As much as I worry about my old shop UBS they still can produce research. I won't reprint it here but I received a really great series of charts showing the participation rate for stocks in the current rally. It's a simple idea and all they did was look at the number of index constituents in various countries now above the 200 day moving average. They also sent me some views on iron ore and other commodities. It all makes some sense, but the problem is that the whole thing can be taken apart very easily by a switch in policy emphasis and that's why most people I meet are under invested in equities . . . no one trusts governments.

I never caught the gold bug. The market also looks to be tiring of the yellow stuff because some of its biggest investors have started cutting their holdings. Lots of stories yesterday that Soros was liquidating his holdings in various ETF's. Soros likes to portray himself more like Warren Buffett and less like the gambler he once was. I'd like to know his feelings about gold. He must  have concluded that so much more de-leveraging needs to be done that inflation id dead, or maybe he figures that there are better places for his money in the short term. Whatever the reasoning he's nearly out and investors might now re-examine their positions in the knowledge that the price hasn't completely collapsed. I still don't like gold stocks because so much of the margin seems to get frittered away, better to just buy gold if you like it.

During the last 3 years the Germans have benefited hugely from a weak Euro, so much so that their relatively austere stimulus as had their European partners particularly upset. One can only imagine what a Deutsche Mark might have traded at if it had been available during this period. Now leaks are coming thick and fast that Germany should join the Keynesian party. Wolfgang Schäuble the German finance minister, said on Wednesday that his budget for 2014, involving spending cuts of more than €5bn to trim the total below €300bn. He wanted to push back against such lose monetary forces. €5bn isn't really much of a cut so we can take this as being pure symbolism. Germany will now reach budget balance in 2015, a year earlier than required under the “debt brake” written into its constitution . . . the French of course are likely to miss all their targets as Hollande realises all his big taxing initiatives are going to add up to nothing.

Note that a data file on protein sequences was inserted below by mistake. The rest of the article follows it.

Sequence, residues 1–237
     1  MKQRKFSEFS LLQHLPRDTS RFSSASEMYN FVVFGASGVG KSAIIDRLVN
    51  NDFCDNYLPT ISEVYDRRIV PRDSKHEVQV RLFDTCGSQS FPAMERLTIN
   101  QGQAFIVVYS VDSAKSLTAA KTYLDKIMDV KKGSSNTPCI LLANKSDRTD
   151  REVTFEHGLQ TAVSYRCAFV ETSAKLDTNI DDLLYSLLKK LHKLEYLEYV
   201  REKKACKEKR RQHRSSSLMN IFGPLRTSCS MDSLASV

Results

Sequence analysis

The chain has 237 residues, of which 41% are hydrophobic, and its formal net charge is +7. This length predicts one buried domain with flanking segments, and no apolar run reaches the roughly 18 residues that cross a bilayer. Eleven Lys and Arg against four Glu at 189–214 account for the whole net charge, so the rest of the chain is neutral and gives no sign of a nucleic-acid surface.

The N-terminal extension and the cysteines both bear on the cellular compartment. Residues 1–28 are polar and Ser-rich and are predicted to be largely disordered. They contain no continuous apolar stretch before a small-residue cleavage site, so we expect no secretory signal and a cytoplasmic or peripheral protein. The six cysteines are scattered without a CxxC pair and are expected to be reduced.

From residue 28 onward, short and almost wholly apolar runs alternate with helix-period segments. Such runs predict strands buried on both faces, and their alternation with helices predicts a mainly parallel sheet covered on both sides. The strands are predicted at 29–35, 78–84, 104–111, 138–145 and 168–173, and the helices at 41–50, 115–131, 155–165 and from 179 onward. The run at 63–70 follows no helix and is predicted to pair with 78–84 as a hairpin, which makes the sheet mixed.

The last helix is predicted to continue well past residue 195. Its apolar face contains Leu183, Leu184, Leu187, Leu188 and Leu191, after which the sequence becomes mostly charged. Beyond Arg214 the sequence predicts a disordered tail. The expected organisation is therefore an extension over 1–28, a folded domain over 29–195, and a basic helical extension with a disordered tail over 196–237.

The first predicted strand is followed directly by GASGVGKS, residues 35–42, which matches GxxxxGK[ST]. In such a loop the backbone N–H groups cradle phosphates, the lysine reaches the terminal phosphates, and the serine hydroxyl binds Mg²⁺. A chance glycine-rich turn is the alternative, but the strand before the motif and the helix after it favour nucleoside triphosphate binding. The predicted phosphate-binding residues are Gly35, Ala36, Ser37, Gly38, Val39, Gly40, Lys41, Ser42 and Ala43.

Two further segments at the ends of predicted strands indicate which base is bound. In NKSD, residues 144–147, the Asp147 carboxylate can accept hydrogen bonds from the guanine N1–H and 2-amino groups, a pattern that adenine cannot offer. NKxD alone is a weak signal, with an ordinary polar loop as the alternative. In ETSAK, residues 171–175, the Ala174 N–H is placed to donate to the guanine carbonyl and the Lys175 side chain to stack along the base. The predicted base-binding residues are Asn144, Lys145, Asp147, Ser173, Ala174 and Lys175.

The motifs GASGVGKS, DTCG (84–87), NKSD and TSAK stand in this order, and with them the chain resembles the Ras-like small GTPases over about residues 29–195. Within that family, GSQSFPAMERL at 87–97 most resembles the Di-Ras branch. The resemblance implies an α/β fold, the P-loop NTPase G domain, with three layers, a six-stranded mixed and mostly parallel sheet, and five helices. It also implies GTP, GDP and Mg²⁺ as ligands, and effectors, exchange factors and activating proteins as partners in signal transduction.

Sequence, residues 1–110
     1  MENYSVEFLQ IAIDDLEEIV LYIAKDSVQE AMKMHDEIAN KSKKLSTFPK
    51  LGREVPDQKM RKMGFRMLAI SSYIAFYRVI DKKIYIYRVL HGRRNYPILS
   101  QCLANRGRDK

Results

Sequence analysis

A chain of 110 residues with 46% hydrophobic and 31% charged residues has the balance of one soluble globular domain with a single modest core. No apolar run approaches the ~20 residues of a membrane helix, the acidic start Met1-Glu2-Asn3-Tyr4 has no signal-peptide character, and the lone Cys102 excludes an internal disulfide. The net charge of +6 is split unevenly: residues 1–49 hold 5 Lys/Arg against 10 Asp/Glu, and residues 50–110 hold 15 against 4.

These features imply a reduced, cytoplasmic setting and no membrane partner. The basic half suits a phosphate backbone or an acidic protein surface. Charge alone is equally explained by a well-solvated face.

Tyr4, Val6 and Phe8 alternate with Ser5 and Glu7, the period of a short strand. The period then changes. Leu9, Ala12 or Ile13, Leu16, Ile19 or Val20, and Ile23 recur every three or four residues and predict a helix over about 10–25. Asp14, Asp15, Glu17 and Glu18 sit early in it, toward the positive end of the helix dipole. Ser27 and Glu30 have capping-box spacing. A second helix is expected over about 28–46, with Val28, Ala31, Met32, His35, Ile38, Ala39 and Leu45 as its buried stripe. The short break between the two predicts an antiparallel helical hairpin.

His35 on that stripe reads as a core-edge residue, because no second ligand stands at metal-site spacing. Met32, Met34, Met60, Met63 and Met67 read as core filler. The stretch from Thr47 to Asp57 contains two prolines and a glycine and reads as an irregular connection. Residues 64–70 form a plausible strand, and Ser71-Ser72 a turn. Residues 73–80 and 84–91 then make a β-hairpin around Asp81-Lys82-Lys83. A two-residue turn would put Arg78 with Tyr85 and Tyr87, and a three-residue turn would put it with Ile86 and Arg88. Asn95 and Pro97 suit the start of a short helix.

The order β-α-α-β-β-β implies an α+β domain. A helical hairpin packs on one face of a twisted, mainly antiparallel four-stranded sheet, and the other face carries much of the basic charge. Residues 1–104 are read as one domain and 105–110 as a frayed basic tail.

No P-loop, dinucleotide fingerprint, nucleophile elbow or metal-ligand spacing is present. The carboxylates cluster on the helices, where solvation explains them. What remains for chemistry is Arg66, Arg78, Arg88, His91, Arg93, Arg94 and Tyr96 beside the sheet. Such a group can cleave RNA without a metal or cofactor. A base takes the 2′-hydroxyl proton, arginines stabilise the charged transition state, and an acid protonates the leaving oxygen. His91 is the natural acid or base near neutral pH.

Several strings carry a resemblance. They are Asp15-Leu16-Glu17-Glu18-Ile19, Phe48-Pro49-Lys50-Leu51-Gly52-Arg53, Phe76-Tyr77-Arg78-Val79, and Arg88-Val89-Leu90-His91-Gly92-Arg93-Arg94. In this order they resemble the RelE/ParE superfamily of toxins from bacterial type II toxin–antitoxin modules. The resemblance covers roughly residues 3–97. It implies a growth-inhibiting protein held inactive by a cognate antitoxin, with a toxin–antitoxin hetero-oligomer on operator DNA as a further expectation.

Here is Sydney one of the major talkback AM stations has been running a competition for listeners to win premium economy tickets on various Cathay Pacific routes. I hadn't paid that much attention until yesterday when they reported full-year net profit of HK$916m (US$118m) versus a net loss in the first six months of financial year 2012 of HK$935m. That's a pretty good turn around and they seem to have a region leading cost income ratio of "only" 64%. That's why I hate airlines. . . .  64% seems absurd in an industry so leveraged to a commodity like oil. The buffer that Cathay has seems just ridiculous given the risks. Having said that airlines are cyclical for a reason and if you pick the cycle right and have the premium seat focus you will get rewarded . .  get it wrong and you'll be discounting those extra wide seats and eating into your margin.